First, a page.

Phobias Linked to Fatal Heart DiseaseFebruary 2, 2005
(Ivanhoe Newswire) -- Having a phobia may increase your likelihood of developing fatal heart disease. A new study shows this is true for women with phobic anxieties including the fear of crowded places, heights or going outside.
Other studies have suggested psychosocial factors such as emotions, anxiety and anger are associated with an increased risk of fatal heart disease. Studies in men suggest anxiety, specifically phobic anxiety, is related to sudden cardiac death, which is death that occurs within one hour of symptom onset.
Researchers from Harvard Medical School in Boston studied women to determine if there was a relationship similar to that observed in men. They analyzed data from the Nurses' Health Study, a large survey about heart disease risk factors, menopausal status, and lifestyle factors that has polled nurses every two years since 1976. In 1988, study authors surveyed more than 70,000 women who had no history of heart disease or phobic anxieties. They set out to uncover any possible phobias the patients had. The women's level of anxiety was classified into four groups of scores from zero to four and higher based on their answers.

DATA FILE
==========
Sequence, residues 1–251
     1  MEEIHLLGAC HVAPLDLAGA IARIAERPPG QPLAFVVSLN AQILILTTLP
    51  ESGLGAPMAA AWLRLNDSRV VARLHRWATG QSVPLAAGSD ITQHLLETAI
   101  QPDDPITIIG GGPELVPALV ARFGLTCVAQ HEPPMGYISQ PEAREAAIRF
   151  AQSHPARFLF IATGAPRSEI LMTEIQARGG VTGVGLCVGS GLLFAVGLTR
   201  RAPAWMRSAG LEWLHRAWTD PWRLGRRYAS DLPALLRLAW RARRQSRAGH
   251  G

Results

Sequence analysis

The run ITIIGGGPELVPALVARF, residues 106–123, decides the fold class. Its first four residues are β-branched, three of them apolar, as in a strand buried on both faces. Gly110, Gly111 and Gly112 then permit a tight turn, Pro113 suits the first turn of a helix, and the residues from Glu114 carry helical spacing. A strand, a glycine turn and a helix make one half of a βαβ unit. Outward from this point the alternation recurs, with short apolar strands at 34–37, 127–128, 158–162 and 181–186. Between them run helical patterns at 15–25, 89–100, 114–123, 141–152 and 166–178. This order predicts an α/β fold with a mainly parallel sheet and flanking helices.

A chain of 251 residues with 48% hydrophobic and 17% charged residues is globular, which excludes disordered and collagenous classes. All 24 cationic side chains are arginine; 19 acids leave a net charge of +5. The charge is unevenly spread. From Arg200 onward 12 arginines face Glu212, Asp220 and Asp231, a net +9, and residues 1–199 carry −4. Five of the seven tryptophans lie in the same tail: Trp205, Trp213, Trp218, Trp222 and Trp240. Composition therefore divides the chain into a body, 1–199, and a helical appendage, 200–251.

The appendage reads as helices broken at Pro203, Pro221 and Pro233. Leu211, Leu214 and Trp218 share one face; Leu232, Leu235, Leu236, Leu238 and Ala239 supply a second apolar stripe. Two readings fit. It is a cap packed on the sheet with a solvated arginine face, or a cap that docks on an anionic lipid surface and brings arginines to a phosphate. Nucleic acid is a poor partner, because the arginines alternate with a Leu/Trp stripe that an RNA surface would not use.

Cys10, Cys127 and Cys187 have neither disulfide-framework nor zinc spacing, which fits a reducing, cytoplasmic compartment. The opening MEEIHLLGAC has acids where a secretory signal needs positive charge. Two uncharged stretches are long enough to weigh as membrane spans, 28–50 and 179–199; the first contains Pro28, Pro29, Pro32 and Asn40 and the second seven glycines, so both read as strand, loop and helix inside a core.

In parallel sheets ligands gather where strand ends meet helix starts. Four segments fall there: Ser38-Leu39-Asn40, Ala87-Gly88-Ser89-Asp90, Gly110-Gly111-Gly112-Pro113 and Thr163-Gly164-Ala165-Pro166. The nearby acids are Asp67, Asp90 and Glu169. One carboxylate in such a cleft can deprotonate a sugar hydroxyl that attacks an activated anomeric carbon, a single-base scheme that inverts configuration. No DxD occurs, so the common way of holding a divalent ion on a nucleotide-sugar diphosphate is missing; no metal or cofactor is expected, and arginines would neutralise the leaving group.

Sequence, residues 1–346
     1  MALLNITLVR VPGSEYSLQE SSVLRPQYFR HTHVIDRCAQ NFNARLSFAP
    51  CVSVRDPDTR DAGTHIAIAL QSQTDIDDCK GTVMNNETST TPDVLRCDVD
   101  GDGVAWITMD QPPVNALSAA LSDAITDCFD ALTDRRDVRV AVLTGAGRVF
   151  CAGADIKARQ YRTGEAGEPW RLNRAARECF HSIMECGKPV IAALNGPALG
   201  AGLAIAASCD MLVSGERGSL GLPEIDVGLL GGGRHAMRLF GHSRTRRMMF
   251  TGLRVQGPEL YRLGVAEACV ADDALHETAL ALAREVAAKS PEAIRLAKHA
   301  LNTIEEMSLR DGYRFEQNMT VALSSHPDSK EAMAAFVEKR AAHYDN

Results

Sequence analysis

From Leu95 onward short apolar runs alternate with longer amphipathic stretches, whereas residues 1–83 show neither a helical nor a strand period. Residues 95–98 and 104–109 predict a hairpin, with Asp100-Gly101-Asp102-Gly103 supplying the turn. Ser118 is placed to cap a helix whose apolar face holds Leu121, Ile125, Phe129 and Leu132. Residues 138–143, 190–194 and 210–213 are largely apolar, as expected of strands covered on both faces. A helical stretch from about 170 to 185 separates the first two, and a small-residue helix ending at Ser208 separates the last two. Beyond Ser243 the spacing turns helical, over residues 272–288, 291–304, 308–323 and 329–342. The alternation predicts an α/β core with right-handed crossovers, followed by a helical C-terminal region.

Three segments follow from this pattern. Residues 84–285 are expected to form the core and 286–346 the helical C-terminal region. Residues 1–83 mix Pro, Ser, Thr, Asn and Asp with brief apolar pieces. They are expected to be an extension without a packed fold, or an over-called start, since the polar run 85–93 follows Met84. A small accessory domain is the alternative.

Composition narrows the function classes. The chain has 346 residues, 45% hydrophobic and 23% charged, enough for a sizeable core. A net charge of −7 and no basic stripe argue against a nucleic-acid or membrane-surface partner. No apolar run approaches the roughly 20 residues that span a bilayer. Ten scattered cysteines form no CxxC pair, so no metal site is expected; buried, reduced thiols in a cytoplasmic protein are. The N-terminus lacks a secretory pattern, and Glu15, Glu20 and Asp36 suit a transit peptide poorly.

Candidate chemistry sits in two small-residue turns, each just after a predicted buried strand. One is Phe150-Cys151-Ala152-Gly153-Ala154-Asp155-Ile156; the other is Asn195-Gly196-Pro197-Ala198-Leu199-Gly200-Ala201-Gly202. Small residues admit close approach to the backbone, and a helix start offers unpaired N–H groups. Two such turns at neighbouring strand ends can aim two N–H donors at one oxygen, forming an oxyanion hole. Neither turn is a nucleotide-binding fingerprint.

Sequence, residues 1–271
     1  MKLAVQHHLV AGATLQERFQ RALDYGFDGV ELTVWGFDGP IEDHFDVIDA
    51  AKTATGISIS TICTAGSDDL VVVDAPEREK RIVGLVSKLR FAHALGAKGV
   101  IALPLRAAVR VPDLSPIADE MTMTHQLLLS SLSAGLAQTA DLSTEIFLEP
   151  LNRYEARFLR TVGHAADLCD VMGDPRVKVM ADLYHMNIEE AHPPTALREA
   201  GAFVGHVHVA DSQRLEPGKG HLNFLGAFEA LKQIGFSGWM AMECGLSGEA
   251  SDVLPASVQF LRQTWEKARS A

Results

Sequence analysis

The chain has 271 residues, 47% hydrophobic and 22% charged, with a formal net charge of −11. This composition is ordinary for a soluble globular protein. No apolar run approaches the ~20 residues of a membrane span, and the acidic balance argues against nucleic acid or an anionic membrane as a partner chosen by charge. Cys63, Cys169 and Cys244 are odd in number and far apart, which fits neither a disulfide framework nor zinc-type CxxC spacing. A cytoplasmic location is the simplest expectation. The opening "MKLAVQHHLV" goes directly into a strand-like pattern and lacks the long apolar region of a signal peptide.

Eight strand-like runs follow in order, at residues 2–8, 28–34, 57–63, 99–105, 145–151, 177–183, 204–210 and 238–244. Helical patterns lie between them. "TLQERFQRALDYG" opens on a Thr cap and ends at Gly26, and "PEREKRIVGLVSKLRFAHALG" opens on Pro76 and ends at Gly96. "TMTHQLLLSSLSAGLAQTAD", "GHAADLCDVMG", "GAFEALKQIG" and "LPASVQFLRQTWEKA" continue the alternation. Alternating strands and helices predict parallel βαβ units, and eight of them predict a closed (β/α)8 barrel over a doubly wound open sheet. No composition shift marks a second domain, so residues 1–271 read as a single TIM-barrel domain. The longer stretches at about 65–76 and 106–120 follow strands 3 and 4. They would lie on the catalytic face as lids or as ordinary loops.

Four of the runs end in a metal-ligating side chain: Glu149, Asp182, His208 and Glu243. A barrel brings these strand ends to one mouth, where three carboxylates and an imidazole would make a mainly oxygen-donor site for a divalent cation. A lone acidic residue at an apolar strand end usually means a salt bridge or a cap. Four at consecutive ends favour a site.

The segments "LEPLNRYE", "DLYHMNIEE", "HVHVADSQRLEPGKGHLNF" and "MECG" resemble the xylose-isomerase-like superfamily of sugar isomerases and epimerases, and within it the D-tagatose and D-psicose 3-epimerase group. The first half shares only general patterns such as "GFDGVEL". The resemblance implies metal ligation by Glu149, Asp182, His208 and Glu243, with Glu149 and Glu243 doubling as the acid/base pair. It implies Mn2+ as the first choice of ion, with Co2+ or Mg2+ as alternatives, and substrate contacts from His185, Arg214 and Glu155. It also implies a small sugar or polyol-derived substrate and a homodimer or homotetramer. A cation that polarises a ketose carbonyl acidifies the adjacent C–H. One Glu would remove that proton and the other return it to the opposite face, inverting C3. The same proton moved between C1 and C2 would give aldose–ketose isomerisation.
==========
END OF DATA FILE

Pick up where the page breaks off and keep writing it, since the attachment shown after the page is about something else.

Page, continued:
The Harvard researchers examined the relationship between the score on the phobia index and the subsequent risk of having a heart disease event. They found, "Women who suffered most from phobic anxiety -- those who scored four or greater on the survey -- were at a marginally increased risk of dying suddenly from coronary heart disease in general compared to those in the lowest quarter of the population."
Higher scores were associated with an increased risk for sudden cardiac death and fatal heart disease but not non-fatal heart attack. Specifically, women with scores greater than four had a 59-percent increased risk of sudden cardiac death and a 31-percent greater risk of fatal coronary heart disease compared to those with a score of zero or one.
Researchers conclude associations between anxiety and other cardiac risk factors might account for some, but not all, of the risks linked to phobic anxiety. They are not sure whether phobic anxiety makes women more likely to develop other risk factors for heart disease or whether these risk factors lead to higher levels of phobic anxiety.
Although this study did not examine whether treating anxieties would lower a woman's risk of fatal heart disease, researchers say women with phobic anxieties should at least try to control other potential heart disease risk factors.
SOURCE: Circulation, 2005;111:480-487
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